Creating advanced fuel blends and engines to match them could help reduce emissions and water use over the next 30 years, suggests an Argonne National Laboratory-led (ANL) study.
The ANL study – which includes scientists from the National Renewable Energy Laboratory (NREL) and data analysis firm Lexidyne – has examined the potential impact of diversifying the U.S. fuel mix to include increased proportions of biofuels and engines designed to use these fuel blends.
Doing so could help make engines 10% more efficient compared to those running on conventional fuel, contends the paper’s authors.
“It is very exciting that biomass holds the potential to produce blendstocks that can boost fuel economy,” says ANL chemical engineer and lead author, Jennifer Dunn.
“This reduces fossil fuel greenhouse gas emissions by two routes: less fuel consumption overall and an increased share of fuel that has a lower carbon footprint than conventional gasoline because it is made from renewable biomass.”
The ANL study is a part of the Department of Energy’s (DOE) Co-Optimization of Fuels & Engines (Co-Optima) initiative.
It has been using computer models to analyze the economic and environmental impacts of broadly adopting three different bio-blendstocks, or biomass-derived fuels that can be blended with conventional ones: ethanol, isopropanol, and furan.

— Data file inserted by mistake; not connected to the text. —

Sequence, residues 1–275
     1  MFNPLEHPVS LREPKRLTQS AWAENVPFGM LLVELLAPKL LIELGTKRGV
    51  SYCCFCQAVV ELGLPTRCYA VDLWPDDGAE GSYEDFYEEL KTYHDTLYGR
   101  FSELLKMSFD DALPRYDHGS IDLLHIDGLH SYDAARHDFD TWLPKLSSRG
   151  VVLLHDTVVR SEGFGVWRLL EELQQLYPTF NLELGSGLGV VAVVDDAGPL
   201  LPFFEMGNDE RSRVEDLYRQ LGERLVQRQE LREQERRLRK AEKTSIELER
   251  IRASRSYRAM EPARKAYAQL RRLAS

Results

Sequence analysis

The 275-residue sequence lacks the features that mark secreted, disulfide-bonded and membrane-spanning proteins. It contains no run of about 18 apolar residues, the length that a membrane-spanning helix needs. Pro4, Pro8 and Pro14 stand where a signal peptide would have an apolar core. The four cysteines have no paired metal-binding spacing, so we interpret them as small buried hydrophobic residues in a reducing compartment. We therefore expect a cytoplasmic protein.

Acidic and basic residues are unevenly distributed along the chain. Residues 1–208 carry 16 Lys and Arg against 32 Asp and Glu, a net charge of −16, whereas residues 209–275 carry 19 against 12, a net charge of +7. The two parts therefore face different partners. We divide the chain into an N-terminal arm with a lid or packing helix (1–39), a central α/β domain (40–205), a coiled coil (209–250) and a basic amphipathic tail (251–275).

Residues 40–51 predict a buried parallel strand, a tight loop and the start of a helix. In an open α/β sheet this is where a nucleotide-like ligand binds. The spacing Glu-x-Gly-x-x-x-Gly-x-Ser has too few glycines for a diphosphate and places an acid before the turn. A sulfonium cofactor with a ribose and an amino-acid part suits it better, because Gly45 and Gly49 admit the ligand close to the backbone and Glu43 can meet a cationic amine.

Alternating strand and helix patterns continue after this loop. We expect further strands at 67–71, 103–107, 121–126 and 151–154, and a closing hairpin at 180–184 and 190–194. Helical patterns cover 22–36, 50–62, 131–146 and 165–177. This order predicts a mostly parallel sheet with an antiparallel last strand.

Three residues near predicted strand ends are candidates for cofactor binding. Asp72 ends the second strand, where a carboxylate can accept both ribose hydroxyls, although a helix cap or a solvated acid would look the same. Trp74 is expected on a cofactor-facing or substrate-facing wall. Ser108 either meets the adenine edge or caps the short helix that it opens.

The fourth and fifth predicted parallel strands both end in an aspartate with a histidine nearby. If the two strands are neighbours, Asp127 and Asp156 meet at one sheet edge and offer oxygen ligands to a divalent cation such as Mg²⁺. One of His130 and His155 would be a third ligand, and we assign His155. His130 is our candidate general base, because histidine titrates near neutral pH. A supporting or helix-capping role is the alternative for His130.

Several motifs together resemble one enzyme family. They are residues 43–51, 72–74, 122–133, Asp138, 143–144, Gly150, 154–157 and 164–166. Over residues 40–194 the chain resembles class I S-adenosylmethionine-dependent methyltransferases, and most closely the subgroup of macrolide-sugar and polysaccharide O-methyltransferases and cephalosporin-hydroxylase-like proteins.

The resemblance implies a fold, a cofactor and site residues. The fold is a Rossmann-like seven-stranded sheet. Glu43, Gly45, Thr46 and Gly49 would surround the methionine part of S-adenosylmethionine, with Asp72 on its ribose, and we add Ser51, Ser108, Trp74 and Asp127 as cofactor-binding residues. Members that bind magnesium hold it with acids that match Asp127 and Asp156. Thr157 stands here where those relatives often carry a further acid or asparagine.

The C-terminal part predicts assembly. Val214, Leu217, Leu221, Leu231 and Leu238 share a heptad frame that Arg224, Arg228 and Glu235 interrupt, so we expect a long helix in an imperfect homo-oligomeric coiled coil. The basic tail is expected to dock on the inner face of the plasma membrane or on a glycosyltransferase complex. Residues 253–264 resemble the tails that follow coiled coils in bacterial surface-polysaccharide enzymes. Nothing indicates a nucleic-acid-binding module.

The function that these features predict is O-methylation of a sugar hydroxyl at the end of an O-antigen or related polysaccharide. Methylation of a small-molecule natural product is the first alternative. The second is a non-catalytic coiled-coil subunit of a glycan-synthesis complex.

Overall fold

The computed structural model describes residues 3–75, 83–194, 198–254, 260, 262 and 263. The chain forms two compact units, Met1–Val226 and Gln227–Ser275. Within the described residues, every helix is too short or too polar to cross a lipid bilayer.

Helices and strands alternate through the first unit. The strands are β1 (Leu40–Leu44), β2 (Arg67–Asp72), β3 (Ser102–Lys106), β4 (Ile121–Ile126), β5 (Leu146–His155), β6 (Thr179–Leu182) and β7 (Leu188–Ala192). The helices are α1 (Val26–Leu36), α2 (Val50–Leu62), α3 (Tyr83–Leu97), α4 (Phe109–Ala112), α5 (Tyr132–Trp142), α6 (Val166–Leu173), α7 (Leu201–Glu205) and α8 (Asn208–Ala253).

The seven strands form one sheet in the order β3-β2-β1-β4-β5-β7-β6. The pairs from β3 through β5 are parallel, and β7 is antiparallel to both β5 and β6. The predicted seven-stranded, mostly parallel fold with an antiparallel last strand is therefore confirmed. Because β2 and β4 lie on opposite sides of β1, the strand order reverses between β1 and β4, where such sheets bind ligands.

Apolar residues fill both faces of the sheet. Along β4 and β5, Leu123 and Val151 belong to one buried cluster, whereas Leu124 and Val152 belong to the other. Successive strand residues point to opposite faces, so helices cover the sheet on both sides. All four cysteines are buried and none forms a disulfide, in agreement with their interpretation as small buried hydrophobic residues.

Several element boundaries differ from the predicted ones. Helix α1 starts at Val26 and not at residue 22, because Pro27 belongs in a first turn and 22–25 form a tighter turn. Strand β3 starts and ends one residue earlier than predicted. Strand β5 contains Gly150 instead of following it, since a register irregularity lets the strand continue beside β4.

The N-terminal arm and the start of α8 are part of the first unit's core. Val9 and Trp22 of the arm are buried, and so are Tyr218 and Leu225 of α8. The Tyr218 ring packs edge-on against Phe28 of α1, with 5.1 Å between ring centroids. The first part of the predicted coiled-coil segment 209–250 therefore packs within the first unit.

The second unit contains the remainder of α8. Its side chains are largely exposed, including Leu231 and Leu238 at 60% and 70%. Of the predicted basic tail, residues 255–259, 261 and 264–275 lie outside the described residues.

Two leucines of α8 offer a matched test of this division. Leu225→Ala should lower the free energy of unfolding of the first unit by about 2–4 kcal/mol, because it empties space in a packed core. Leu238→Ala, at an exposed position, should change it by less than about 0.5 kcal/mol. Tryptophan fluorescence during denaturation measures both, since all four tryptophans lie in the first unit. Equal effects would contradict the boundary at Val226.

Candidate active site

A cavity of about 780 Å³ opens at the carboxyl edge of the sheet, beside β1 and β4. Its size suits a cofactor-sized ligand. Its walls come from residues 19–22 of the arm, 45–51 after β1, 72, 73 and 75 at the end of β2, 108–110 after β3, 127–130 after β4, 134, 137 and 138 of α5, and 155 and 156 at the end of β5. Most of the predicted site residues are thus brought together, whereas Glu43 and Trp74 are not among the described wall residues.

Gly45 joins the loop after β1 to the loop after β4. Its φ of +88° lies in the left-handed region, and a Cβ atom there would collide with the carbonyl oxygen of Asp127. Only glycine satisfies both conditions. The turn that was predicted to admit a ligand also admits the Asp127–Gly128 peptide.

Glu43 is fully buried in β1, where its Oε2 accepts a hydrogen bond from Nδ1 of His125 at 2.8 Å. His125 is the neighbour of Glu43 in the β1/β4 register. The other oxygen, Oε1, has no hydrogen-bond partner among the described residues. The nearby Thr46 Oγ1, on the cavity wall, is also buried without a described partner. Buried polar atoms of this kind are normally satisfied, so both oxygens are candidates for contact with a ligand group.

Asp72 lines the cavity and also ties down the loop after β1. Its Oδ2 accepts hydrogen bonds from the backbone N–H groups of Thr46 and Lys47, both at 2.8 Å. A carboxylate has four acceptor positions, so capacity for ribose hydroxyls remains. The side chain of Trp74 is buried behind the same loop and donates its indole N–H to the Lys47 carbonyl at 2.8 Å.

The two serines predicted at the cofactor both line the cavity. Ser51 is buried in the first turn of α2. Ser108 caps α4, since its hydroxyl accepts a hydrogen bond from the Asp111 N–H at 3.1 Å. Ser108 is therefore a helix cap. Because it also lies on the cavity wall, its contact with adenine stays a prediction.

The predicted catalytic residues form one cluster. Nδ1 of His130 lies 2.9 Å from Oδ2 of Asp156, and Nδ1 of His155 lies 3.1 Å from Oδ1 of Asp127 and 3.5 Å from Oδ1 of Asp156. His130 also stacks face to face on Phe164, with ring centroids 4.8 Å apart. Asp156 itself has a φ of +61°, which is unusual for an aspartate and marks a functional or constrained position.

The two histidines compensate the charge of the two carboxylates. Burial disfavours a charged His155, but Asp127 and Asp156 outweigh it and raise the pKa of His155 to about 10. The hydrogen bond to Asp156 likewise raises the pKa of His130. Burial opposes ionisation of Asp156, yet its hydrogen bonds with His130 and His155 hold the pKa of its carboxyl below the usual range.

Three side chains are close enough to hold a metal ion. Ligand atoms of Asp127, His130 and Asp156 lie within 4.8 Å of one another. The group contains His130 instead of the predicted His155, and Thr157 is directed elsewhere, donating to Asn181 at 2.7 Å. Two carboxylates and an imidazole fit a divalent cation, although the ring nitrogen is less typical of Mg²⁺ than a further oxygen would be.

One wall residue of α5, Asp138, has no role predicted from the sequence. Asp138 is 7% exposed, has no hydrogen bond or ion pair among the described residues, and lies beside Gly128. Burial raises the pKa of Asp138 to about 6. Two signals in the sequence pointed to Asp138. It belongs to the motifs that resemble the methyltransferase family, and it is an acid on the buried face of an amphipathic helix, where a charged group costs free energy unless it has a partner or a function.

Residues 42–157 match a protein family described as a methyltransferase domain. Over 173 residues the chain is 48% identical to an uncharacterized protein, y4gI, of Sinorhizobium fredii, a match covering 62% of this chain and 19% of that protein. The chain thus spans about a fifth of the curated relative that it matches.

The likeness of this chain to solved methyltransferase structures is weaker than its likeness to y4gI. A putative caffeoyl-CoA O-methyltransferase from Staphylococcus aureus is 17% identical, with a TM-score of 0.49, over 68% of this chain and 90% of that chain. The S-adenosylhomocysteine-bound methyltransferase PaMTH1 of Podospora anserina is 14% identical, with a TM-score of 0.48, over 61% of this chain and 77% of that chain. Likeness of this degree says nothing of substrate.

The results showed that from 2025 to 2050, cumulative greenhouse gas emissions would be 4 to 7 percent lower for the light-duty transportation sector compared to a business-as-usual case.
Beginning in 2050, emission reductions could reach the range of 7 to 9 percent.
Moreover, water consumption declined by 3 to 4 percent and levels of the small, hazardous particulate matter known as PM2.5 dropped 3 percent in the 2025 to 2050 period.
Evolving the U.S. fleet to include more advanced engine designs co-optimized to take advantage of bio-blendstocks could support anywhere from 278,000 to 1.7 million more jobs annually, says the study’s authors.
Of course, this would depend on the speed and scope of the scale-up, cautions Dunn.
It is thus necessary to stay on course with the development of these technologies and their introduction into the vehicle choices consumers have.
Image and content: Fewerton-Shutterstock/ANL